3. Java Micro Edition (Java ME)

Although like its siblings, the Java ME comes with an API and a JVM, the main distinguishing factor is the tiny footprint of the bundled Java Virtual Machine. Typically, Java ME apps are clients of Java EE platform services.

Java ME platform is specifically designed for developing applications for mobile platforms, such as smartphones and tablets. The Java ME API is a subset of the Java SE API. Additionally, it comes with special class libraries designed for small device application development.

4. JavaFX

We use the lightweight JavaFX API for creating rich Internet applications. Applications designed with the JavaFX platform make use of hardware-accelerated graphics as well as media engines.

In order to connect to networked data sources, JavaFX apps use high-level APIs. Usually, JavaFX applications are clients of Java EE platform services.

Core Java vs Advanced Java

Here you will see a feature-wise comparison of core Java vs advanced Java –

1. Definition

What is Core Java? – Core Java is the fundamental form of Java. We use it in all Java platforms and technologies. Without going through core Java, it is impossible to advance to advanced Java.

What is Advanced Java? – Unlike core Java, advanced Java is a specialization of the core Java in some particular domain, such as database handling, networking, and the web.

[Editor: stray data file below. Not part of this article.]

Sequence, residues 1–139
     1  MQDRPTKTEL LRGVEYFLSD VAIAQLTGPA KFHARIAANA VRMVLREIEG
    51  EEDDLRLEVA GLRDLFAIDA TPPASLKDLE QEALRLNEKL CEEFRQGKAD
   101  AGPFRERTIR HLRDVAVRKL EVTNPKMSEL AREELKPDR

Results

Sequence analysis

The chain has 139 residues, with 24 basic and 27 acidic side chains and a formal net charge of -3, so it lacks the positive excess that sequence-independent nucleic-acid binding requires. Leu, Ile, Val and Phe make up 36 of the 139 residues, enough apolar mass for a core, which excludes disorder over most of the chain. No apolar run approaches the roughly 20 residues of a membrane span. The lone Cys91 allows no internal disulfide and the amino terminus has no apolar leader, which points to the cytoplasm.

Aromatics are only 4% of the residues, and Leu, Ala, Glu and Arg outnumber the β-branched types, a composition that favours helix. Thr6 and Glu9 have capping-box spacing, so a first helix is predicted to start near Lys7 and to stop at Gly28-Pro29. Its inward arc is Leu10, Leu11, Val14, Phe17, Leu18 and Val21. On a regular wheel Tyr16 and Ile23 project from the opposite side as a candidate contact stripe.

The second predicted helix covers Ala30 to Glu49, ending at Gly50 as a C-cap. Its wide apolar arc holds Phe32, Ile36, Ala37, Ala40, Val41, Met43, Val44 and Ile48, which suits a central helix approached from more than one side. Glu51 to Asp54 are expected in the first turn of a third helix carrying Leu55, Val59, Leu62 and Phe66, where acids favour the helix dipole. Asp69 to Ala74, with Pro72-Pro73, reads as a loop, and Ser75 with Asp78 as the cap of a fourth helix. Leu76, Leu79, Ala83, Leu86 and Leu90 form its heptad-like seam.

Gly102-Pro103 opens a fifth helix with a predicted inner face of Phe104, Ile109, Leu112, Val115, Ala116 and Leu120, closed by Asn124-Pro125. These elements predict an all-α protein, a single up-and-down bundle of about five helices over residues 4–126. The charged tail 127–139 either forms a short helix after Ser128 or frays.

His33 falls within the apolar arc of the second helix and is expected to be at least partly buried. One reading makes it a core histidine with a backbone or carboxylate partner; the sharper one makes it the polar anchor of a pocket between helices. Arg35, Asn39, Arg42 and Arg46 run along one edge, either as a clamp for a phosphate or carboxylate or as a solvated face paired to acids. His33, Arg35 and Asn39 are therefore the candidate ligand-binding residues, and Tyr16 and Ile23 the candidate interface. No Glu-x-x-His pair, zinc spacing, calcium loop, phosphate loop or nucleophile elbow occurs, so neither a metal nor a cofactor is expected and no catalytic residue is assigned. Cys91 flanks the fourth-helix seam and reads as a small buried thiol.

2. Applications Developed

Core Java covers the fundamental concepts of Java programming language for developing general applications. Advanced Java, on the other hand, covers advanced topics pertaining to Java programming language that helps in building enterprise-level applications.

Applications developed using core Java are typically standalone applications meant to be either cross-platform or platform-specific. Simply, core Java helps in building general applications, such as a student attendance management system, EMI calculator, or the classic snake game.

On the contrary, applications developed using advanced Java are those that enterprises use or are at an enterprise-level. This includes apps that run on servers i.e. web applications.

3. Architecture

The core Java makes use of single-tier architecture. On the flip side, advanced Java uses instances of two-tier architecture, such as client-server architecture.

In a one-tier architecture, the data stores in the local system or a shared drive. It has all the layers, such as Business, Data Access, and Presentation.

An architecture where the presentation layer or the interface layer runs on a client while the data layer or the data structure stores on a server called as a two-tier architecture.

4. Java Packages

All core Java packages have a naming convention of java.lang.somepackage. On the contrary, packages for advance Java follows javax.servlet.somepackage.

5. Knowledge

Typically, there are three levels of Java knowledge, namely Java, core Java, and advanced Java. Hence, both core Java and advanced Java differ in terms of knowledge.